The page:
The timeline published by the Scottish Government last Wednesday showed specific requests for its Whatsapp messages had been made by the inquiry in February.
However, both Mr Yousaf and Ms Robison had previously stated the messages were asked for in September.
“The initial requests received from the UK Inquiry focused on decision-making. As we have stated previously, it is not the culture within Scottish Government to routinely use systems such as WhatsApp for decision-making.
“Decisions are routinely made in minuted meetings or through formal submissions to ministers. All relevant records of both of these have been provided to both inquiries already,” Ms Robison told Holyrood in a statement on October 31.
“The UK Inquiry asked in June for summaries of all WhatsApp and similar groups related to coordination, logistics and day-to-day communication – greatly expanding the scope of what the Scottish Government needed to collate and process accordingly. This request was followed in September by a request for the actual messages exchanged within these groups.”
Mr Yousaf told MSPs on November 2 that the request for the messages were made by the UK Inquiry in September.
“The messages were asked for in September, just a matter of weeks ago,” he stated then.
At First Minister’s Questions last week, Mr Yousaf rejected claims he and his deputy misled Holyrood over the matter.
However, he admitted that his government had interpreted requests for messages from the inquiry “too narrowly” and noted the Scottish Government had now handed over 14,000 messages.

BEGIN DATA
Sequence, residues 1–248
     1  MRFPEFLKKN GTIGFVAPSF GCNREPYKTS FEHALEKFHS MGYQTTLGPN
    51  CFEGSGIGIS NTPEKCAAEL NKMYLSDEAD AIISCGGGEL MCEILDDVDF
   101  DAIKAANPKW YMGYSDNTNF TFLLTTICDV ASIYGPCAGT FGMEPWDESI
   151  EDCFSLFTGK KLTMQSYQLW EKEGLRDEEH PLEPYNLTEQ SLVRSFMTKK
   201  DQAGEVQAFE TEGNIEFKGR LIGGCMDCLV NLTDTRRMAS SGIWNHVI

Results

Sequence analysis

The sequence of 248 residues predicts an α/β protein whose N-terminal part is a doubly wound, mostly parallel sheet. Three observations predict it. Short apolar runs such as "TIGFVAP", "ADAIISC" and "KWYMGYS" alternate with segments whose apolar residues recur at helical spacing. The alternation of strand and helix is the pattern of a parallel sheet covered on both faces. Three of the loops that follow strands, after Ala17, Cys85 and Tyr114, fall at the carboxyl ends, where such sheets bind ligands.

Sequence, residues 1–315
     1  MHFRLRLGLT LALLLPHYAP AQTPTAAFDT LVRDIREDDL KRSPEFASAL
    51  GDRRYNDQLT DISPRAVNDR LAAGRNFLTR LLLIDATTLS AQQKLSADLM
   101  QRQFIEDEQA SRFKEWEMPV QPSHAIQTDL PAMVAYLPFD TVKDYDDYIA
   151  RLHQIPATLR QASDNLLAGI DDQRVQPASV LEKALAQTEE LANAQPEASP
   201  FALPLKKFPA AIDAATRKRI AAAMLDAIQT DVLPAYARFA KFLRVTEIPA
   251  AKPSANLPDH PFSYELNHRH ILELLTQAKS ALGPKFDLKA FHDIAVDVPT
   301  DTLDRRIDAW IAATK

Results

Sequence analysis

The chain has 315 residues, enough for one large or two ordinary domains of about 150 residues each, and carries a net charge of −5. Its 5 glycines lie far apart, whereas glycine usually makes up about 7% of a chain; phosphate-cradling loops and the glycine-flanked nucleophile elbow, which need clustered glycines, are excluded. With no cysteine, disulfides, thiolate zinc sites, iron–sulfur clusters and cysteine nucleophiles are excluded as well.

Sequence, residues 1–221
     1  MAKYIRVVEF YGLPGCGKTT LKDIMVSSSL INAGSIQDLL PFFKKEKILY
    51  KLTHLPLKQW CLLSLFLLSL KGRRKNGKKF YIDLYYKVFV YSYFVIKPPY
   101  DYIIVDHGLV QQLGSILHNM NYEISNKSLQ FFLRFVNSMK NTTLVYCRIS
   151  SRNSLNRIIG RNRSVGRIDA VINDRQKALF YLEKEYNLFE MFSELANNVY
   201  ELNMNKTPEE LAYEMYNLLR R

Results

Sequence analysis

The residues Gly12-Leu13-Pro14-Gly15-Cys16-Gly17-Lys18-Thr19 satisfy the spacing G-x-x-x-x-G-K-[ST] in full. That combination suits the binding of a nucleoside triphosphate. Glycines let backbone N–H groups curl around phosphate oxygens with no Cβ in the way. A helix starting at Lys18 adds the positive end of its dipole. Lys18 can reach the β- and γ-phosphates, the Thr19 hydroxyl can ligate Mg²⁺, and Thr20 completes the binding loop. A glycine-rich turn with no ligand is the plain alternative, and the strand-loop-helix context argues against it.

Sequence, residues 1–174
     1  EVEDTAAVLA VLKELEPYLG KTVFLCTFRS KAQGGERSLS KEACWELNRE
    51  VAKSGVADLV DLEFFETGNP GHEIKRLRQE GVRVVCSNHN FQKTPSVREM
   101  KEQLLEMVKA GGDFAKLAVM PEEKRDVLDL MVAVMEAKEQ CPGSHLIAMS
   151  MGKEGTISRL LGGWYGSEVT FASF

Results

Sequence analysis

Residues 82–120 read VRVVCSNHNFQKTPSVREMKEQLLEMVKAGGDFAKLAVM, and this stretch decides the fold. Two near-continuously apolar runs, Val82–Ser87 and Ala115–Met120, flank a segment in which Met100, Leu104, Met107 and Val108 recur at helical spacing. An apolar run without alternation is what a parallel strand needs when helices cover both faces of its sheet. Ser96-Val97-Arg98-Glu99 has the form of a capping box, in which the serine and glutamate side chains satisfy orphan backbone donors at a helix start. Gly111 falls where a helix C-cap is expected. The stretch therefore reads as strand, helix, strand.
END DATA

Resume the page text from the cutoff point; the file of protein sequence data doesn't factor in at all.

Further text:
Scottish Conservative leader Douglas Ross pictured at First Minister’s Questions on Thursday, November 9. Photo PA.
Asked to admit he “didn’t tell the truth” by Scottish Conservative leader Douglas Ross on Thursday, the First Minister said: “I absolutely refute that. Clearly I was talking about specific WhatsApp groups. [What] I do accept fully from the inquiry is that we have interpreted their requests too narrowly and subsequently having done so we have then supplied 14,000 messages to the inquiry.”
Following FMQs he refused to refer himself to his independent adviser on the ministerial code saying there was “no need to do so” after leaving the Holyrood chamber.
On Wednesday this week, the Scottish Tories will use their debating time to accuse Mr Yousaf and Ms Robison of deliberately misleading the parliament.
If they are found to have intentionally done so, they will be “expected to offer their resignation”, according to the ministerial code.
Irish barrister James Hamilton is the independent advisor on the ministerial code. Photo PA.
“Humza Yousaf and Shona Robison – the two most senior members of the SNP government – have deliberately misled the Scottish Parliament,” said Mr Ross.
“That is why my party will use our debating time in Holyrood to urge the First Minister and Deputy First Minister to refer themselves to the independent adviser on the ministerial code.
“Only then can the whole truth be fully uncovered as to whether or not they have fallen short of the standards that the public expect them adhere to.”
Mr Ross added: “I would urge Humza Yousaf and Shona Robison to refer themselves to the independent advisor on the ministerial code so that we can understand why they misled Parliament.